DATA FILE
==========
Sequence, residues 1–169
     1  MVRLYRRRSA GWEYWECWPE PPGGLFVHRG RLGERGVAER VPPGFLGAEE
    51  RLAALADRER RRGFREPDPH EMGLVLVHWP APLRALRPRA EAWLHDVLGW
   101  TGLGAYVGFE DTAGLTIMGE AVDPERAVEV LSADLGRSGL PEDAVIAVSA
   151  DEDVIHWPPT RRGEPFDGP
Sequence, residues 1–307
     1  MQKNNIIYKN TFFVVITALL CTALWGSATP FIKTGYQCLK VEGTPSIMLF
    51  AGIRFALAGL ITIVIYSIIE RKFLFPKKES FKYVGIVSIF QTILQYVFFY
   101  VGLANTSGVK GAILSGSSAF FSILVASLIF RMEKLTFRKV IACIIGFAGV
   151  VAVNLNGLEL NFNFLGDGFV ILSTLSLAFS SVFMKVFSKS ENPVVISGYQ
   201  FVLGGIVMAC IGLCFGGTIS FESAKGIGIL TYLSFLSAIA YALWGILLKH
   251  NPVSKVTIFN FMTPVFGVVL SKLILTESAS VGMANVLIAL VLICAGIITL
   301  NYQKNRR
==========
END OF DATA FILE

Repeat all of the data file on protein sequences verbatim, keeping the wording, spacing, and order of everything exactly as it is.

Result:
Sequence, residues 1–169
     1  MVRLYRRRSA GWEYWECWPE PPGGLFVHRG RLGERGVAER VPPGFLGAEE
    51  RLAALADRER RRGFREPDPH EMGLVLVHWP APLRALRPRA EAWLHDVLGW
   101  TGLGAYVGFE DTAGLTIMGE AVDPERAVEV LSADLGRSGL PEDAVIAVSA
   151  DEDVIHWPPT RRGEPFDGP
Sequence, residues 1–307
     1  MQKNNIIYKN TFFVVITALL CTALWGSATP FIKTGYQCLK VEGTPSIMLF
    51  AGIRFALAGL ITIVIYSIIE RKFLFPKKES FKYVGIVSIF QTILQYVFFY
   101  VGLANTSGVK GAILSGSSAF FSILVASLIF RMEKLTFRKV IACIIGFAGV
   151  VAVNLNGLEL NFNFLGDGFV ILSTLSLAFS SVFMKVFSKS ENPVVISGYQ
   201  FVLGGIVMAC IGLCFGGTIS FESAKGIGIL TYLSFLSAIA YALWGILLKH
   251  NPVSKVTIFN FMTPVFGVVL SKLILTESAS VGMANVLIAL VLICAGIITL
   301  NYQKNRR